As violence escalates in Ukraine,. the Valley's Ukrainian
Community is relying on prayer to make sure their family members are safe
Lemor Abrams has local reaction.
After the deadliest day this week, where dozens of
demonstrators were gunned down by riot forces... the government reached a deal
that could put a stop to the violence. But that's giving little comfort to
Kristina and Misha Skitsak...siblings who moved to Fresno from Ukraine for
"I was terrified because I was just there
a month ago and everything was peaceful.... My heart started to break because
this was unexpected," said Kristina.
It all began as a peaceful protest several months ago. Ukraine
was about to get in on a trade deal with the European Union, but the Ukranian
President backed out in favor of closer ties with Russia.
"Now young people like me are dying there...leaving their
parents...some of them have toddlers...young wives," said Misha.
They say the clashes have brought a new generation of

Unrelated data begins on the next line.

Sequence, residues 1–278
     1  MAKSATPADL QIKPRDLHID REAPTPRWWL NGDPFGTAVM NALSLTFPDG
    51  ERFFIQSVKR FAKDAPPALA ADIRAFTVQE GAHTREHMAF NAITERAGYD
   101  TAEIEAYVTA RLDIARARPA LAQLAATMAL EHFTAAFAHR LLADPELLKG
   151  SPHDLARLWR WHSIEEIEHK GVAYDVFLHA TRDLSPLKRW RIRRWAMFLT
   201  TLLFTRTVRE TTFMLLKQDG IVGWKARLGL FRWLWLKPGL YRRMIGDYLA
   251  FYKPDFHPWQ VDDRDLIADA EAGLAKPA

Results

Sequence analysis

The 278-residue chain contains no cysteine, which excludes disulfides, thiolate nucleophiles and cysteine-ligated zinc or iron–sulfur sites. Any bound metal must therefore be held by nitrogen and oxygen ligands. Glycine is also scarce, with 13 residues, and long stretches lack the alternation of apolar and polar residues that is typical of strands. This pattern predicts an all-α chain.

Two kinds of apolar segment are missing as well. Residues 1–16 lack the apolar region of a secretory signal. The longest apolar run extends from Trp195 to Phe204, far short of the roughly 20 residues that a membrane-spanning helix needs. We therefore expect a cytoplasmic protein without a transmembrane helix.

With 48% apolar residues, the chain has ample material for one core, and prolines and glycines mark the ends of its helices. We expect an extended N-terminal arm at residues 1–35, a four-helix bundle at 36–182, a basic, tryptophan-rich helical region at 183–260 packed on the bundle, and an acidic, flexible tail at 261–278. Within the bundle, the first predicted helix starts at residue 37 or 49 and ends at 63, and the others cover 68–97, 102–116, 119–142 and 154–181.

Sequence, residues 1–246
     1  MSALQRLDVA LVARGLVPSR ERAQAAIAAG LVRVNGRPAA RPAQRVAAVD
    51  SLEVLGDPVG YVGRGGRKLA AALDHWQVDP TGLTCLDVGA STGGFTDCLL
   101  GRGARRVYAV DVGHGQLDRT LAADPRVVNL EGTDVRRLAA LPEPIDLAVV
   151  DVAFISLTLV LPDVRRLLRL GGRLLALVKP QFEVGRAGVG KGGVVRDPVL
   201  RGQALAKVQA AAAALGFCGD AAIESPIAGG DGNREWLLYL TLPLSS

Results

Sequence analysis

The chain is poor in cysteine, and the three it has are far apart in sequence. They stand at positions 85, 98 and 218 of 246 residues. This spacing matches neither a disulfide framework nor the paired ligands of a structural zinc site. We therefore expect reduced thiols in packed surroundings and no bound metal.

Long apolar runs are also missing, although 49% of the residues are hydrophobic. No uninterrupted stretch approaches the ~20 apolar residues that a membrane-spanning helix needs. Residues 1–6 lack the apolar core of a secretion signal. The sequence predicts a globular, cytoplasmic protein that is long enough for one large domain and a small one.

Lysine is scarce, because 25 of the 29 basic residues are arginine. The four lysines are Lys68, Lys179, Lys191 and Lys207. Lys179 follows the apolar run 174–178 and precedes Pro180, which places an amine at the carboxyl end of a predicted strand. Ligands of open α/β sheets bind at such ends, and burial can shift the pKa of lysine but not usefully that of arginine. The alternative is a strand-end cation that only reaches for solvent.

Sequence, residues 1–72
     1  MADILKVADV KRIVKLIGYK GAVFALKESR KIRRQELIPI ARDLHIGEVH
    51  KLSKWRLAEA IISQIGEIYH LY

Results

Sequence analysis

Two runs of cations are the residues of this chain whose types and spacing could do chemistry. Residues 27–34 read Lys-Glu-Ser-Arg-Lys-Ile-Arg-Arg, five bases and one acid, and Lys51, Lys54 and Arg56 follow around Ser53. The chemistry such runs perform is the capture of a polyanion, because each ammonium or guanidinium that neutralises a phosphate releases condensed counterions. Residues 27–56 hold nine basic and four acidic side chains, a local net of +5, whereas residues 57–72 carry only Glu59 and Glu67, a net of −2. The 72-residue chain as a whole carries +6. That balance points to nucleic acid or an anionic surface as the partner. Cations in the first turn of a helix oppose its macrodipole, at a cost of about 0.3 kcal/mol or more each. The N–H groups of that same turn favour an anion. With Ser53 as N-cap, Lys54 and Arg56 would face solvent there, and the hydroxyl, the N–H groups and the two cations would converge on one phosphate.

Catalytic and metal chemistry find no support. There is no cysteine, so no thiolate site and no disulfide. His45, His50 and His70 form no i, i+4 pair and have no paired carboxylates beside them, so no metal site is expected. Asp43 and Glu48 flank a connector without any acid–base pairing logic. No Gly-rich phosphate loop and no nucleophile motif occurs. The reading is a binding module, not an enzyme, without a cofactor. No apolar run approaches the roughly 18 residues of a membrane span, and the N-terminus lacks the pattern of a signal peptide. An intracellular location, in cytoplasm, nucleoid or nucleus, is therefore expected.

protestors to the forefront a generation that grew up during and after the
collapse of the Soviet Union.
"A lot of Ukranian's had a lot of faith in the fact that we
will become independent...but things remained the same," said Misha.
Local experts on the topic believe Russia is bullying Ukraine
out of its independence. And protestors won't be appeased until the Ukranian
President is removed from office.
I just think it has such a long history of it not being it's own state that
it's going to be hard to chart a new course," said Fresno State History
Professor Michelle DenBaste.
For now, Kristina and Misha are relying on prayer, and waiting to see what
"That's the only thing that we have right now," said Kristina.